Nothing came of the complaint, which Mérida says was completely fabricated. Neither Barros nor Adams responded to a request for comment.

Bob Kinsey, who lives in Colorado Springs, ran the Pikes Peak Green Party from 2011 until it was removed from good standing in 2017. Kinsey was a candidate for Congress in District 4 in 2004 and a Senate candidate in 2008 and 2010 before moving to the Springs, where he ran for city council in 2012. He says the chapter was removed for missing two votes on the steering committee, a rule that was never enforced before Mérida took over.

Kinsey doesn’t think kicking people out over minutiae is beneficial to the party overall. He stopped associating with the state party after the 2017 assembly, though he’s still tried to help the exiled Pikes Peak chapter survive. He has a bumpersticker urging people to register with the Green Party. “It sends a message to the other parties that there are significant numbers of people in Colorado who find the two corporate parties to be playing the wrong game, particularly when it comes to environmental issues,” he says.

Mérida characterizes her detractors as being interested in chaos rather than advancing progressive policies, describing them as “idiosyncratic outsiders” — despite the fact that most of them were part of the Green Party before she was.
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Gary Swing joined Colorado's Green Party in the 1990s.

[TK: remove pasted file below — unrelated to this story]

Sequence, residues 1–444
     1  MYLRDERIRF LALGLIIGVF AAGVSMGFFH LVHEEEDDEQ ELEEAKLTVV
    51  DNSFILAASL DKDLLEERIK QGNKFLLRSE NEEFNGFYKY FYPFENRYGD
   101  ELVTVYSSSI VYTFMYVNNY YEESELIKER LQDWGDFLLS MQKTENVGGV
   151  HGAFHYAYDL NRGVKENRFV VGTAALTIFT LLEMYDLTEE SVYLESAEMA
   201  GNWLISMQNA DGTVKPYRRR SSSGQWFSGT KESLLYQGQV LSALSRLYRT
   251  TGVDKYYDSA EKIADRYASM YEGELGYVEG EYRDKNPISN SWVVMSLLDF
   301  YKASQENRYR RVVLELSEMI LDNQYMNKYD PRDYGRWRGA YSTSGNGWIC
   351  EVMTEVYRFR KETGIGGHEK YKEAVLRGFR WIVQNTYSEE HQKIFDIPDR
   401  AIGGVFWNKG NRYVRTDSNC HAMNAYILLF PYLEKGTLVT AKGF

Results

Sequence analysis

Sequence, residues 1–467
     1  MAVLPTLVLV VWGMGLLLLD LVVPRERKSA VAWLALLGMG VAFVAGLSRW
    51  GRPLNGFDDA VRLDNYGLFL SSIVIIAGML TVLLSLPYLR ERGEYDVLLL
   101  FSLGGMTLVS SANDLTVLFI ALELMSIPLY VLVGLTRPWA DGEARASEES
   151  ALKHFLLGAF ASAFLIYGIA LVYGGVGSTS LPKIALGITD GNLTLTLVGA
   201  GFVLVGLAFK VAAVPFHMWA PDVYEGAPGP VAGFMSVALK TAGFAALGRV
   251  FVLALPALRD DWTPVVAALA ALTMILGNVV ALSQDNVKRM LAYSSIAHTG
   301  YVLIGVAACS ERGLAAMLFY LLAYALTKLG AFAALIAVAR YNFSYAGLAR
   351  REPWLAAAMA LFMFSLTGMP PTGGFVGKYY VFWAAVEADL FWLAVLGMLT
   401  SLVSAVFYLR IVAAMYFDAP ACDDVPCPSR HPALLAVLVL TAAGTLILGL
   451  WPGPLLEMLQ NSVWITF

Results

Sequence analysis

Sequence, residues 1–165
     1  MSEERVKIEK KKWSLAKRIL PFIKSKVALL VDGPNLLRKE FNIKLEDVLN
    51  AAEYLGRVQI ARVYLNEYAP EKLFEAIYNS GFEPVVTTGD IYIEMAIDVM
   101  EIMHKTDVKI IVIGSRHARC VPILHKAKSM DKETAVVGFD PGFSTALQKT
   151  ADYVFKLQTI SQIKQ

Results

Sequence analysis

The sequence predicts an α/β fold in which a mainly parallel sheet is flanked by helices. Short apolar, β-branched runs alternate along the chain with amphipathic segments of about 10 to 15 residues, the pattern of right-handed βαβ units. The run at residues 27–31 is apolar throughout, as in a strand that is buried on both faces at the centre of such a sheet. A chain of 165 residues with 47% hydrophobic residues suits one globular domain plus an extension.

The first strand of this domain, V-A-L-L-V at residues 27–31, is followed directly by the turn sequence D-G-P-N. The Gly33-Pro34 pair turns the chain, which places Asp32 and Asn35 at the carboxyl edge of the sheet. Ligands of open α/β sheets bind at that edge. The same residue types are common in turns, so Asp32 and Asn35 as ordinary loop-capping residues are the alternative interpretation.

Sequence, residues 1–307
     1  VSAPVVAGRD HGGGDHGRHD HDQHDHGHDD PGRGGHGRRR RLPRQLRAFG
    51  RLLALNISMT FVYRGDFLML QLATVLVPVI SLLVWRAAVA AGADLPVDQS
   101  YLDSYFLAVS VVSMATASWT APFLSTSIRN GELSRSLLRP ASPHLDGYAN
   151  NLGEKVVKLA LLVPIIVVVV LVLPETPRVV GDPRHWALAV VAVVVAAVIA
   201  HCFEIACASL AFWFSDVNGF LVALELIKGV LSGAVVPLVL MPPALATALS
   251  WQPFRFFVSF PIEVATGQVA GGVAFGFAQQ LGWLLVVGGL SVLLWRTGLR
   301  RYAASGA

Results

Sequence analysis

Courtesy Gary Swing
Swing worked with some of the first Green Party candidates to make the ballot in Colorado in the 1990s, while Hempy, like Mérida, left the Democratic Party in 2013. “I felt they paid way too much attention about how much money a potential candidate could raise as opposed to their positions on issues,” he says.

But Hempy thinks that under Mérida’s leadership, the party has departed from the positions that drew him to it in the first place. Its stated value s call for ecological wisdom, grassroots democracy, community-based economics and economic justice; social justice and equal opportunity; nonviolence; decentralization; respect for diversity; feminism and gender equality; personal and global responsibility; and future focus and sustainability. “These are just empty words to the people who run the Green Party today,” Swing says.

Since 1994, the Green Party had run candidates in every general election. The first time that the Colorado Green Party failed to nominate any candidates for statewide or congressional offices was 2018; none ran in 2020, either. This year, Mérida says that the party isn’t focused on nominating candidates, but instead on building a grassroots movement that would create more support when candidates do run.